07 Nov Circleville voters clear path for Berger Hospital to work with OhioHealth
Voters in Circleville chose, by an overwhelming margin, to allow leaders of the local hospital system in Pickaway County to consider some sort of partnership or merger with a larger health-care system and move away from public ownership.
The city of Circleville and Pickaway County jointly own Berger Hospital, which opened in 1930, but that structure is rare in today’s health-care environment. The hospital board needed voter approval from city residents to pursue other ownership options that officials said would remove its operational and economic disadvantages. According to final, unofficial results from the Pickaway County Board of Elections, city voters approved by a vote of 2,132 to 473 the measure that allows the hospital to seek nonprofit ownership.
Berger CEO Tim Colburn said the next step will be to enter into formal discussions with Columbus-based OhioHealth, a system with which Berger already has a clinical relationship. He expects the process to take 12 to 24 months. He said he was hopeful of a win, but was nevertheless surprised by the margin. He credited a community-led effort to explain the hospital’s disadvantages under its current structure.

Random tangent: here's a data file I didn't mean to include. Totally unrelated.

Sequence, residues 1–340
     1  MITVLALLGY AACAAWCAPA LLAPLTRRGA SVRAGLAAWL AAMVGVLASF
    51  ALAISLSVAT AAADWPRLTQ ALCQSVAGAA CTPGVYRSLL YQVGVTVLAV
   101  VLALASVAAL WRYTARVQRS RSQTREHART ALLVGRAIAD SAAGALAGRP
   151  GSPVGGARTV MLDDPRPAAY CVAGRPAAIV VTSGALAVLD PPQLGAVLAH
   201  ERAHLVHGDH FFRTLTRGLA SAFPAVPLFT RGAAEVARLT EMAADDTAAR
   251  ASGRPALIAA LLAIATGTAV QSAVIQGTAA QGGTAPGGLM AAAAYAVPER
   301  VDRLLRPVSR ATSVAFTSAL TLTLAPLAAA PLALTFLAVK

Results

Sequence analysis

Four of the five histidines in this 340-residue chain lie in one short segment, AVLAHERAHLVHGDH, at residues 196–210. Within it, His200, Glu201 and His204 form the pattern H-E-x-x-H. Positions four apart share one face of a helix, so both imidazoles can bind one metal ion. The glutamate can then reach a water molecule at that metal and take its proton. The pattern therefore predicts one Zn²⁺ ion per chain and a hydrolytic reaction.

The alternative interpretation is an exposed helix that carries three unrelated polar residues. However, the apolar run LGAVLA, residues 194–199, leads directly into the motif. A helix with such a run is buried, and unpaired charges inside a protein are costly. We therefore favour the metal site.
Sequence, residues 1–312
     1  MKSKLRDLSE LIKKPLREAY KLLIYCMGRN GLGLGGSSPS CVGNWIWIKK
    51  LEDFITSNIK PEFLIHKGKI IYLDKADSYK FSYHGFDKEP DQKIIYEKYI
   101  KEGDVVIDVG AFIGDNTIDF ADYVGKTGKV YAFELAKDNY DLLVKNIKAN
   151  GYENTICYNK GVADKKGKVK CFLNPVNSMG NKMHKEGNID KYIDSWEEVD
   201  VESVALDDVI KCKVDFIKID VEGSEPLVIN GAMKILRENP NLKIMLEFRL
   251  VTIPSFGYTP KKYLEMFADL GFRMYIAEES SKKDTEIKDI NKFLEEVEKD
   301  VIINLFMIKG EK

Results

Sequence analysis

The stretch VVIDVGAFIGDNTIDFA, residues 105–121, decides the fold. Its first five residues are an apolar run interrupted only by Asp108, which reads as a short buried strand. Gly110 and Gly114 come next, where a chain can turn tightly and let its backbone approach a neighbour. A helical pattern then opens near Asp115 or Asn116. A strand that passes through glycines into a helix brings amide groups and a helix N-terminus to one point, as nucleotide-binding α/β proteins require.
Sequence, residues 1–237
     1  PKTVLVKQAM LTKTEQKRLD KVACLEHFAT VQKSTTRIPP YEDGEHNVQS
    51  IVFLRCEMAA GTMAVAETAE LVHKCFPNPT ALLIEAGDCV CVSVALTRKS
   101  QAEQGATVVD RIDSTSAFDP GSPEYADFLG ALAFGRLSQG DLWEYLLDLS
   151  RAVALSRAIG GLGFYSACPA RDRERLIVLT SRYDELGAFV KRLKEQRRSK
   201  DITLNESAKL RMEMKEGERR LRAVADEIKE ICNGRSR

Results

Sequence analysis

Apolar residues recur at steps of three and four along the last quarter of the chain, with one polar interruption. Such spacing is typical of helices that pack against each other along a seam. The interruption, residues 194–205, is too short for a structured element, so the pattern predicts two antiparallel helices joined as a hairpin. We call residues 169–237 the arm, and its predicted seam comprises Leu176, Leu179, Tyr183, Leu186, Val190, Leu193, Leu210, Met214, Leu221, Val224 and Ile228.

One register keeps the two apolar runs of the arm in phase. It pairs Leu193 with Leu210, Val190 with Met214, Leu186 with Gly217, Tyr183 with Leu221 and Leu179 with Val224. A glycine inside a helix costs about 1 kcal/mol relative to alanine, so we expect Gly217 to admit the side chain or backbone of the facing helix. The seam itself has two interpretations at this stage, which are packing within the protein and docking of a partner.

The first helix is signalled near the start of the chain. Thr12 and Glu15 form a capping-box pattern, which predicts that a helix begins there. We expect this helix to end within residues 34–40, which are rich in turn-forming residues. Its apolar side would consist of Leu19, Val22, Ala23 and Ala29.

“We explained to the public the significance of this effort and this necessary change,” Colburn said. “The next steps involve diligence, negotiations and ultimately, an agreement as to what we want.”
If anything was likely to sink the issue, it would have been that current health-care system employees are part of a public — and generous — pension system that would not be automatically maintained under new ownership. Berger has the equivalent of 505 full-time employees.
Only city residents needed to vote to approve the change. Pickaway County commissioners have discretion for their ownership. All three commissioners supported the change and were active in the campaign.
Also Tuesday, voters in Pickaway County approved a new tax levy with 56 percent of the vote to support the Pickaway County Park District. The levy will raise about $700,000 annually to support new parks and trails in all parts of the county and improve existing ones.